“The one who states his case first seems right, until the other comes and examines him.” (Proverbs 18:17 ESV) This is related closely to the counseling issue, however, it is a bit broader. Questions of this type include people asking for snap judgments about activities in which their church is engaged, or “is it sin if…” type questions. Sometimes these questions are traps designed to elicit a response that can be used to cast aspersions (I learned this the hard way). Other times they are merely expressions of genuine confusion. In either case, though, they don’t lend themselves to easy answers.
For instance, when I get an email that asks, “our pastor decided to vote for a Democrat… should we leave the church?” Of course, I need more information. Was the Democrat running unopposed? Was the Democrat a relative? Was the Republican named Snow or Collins (if you got that one, you need to get out more… if you didn’t, shame on you)? In all seriousness, though, I am not about to answer questions like that. I’m not here to pass judgment on churches based on unsupported claims written in emails (especially the unsigned ones from nondescript email addresses)
Nor am I falling for the ones that ask, “What do I do if my father got drunk every night, beat my mother, molested me and my sister, and wanted us to help him rob banks… should I submit to him and live under his protection?” Sometimes this question is from a person who has heard that I teach that it is wrong for any unmarried woman not to live at home with her father (which I never have), and they either 1) agree with it (though I’ve never taught it), and want to know how to work it out in this very difficult situation, 2) they disagree with it (again, though I’ve never taught it and don’t believe it), and want me to go on record so they can then go out and write about what an abusive, woman-hating, “patriocentric” cult leader I am, or 3) they really like what they have actually heard me teach and can’t believe what they read on the blogs (often written by the person in scenario #2), so they do the Christian thing and actually ask me the question.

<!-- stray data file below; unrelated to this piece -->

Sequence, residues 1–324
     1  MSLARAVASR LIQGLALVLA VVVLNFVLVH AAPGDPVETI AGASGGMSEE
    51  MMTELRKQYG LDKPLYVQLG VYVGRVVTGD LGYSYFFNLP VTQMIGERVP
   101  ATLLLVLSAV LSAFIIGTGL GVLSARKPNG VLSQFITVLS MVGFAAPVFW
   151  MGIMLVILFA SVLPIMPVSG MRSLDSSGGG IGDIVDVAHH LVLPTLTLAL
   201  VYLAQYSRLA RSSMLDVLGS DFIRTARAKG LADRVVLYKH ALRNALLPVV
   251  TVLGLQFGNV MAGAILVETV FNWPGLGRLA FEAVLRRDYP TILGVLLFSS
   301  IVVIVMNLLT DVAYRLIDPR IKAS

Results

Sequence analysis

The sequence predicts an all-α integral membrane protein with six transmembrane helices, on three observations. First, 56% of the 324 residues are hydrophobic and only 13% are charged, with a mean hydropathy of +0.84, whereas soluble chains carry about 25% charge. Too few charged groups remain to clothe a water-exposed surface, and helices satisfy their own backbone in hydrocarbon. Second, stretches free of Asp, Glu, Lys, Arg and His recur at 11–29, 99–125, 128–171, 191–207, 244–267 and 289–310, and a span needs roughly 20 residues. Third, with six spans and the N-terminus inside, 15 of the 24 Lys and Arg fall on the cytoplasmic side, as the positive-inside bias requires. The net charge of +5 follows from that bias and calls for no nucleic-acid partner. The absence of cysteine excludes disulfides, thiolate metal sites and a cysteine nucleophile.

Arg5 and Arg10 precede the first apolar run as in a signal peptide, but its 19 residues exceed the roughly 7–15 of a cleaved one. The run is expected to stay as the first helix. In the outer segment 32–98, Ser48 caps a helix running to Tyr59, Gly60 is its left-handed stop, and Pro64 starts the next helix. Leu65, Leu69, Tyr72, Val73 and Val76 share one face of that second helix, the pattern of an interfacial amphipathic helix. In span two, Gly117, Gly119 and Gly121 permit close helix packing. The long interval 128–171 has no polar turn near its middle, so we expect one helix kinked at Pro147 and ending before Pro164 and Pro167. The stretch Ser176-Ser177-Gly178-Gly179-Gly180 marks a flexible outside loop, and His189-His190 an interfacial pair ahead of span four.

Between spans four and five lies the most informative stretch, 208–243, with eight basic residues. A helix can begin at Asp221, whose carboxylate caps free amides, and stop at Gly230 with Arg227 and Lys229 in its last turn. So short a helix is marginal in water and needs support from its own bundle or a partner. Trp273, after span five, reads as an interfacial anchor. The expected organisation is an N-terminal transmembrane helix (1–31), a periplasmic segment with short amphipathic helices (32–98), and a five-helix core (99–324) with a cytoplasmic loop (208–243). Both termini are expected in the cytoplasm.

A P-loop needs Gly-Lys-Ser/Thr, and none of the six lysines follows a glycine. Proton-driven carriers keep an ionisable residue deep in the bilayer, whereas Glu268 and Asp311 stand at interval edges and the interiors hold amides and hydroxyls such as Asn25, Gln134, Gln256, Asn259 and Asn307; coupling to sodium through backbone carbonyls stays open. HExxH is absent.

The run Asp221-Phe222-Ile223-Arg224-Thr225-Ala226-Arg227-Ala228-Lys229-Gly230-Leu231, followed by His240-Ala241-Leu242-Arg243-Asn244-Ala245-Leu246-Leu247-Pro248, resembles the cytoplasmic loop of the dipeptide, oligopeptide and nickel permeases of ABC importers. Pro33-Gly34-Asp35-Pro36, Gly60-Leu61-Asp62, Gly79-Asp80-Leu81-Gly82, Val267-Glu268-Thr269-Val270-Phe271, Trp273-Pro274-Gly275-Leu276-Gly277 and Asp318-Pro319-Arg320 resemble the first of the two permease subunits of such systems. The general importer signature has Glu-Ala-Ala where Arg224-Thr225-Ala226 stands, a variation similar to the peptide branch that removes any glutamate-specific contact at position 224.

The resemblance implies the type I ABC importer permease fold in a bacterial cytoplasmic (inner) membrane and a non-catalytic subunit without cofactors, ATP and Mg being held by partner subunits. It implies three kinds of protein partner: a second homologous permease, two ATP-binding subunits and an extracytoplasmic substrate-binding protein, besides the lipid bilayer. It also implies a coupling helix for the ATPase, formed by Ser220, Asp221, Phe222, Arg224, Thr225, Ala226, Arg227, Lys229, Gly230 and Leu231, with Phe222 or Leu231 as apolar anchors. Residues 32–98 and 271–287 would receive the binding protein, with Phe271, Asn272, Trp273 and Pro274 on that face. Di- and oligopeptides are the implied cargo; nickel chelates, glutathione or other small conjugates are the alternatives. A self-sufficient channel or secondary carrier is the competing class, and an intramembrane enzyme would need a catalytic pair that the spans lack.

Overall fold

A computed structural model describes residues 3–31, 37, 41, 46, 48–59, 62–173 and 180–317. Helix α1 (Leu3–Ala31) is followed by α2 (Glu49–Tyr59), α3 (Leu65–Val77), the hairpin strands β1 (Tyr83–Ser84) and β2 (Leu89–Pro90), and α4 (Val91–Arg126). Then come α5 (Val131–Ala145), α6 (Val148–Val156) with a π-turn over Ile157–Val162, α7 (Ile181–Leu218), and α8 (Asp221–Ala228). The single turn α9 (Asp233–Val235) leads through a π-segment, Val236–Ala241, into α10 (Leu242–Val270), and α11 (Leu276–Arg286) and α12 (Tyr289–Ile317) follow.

In either case, I would be a fool to answer without first discovering the real question. In some cases, pushing back like that leads to an assertion on the part of the questioner (especially in scenario #2) that I am obviously guilty and therefore trying to avoid answering the question (which leads to the same response as the aforementioned scenario). In other cases, it leads to a charitable response, a pleasant resolution, and a follow-up email a few days later telling me how the person who told them the lie in the first place refused to accept my answer and chalked it up to my abilities as a cult leader to convince people that the fact that I never said the things they accuse me of has any thing to do with the fact that… well, you get the rest.
As a result, I’ve made it a practice not to answer such questions (usually), but instead point people to blogs, books, or articles I’ve written, or sermons I’ve preached so they can decide for themselves. Unfortunately, this does not satisfy the people in scenario #2 since it is there contention that I don’t actually preach or write the bad things I believe; I just believe them and promote them through nefarious, undetectable means.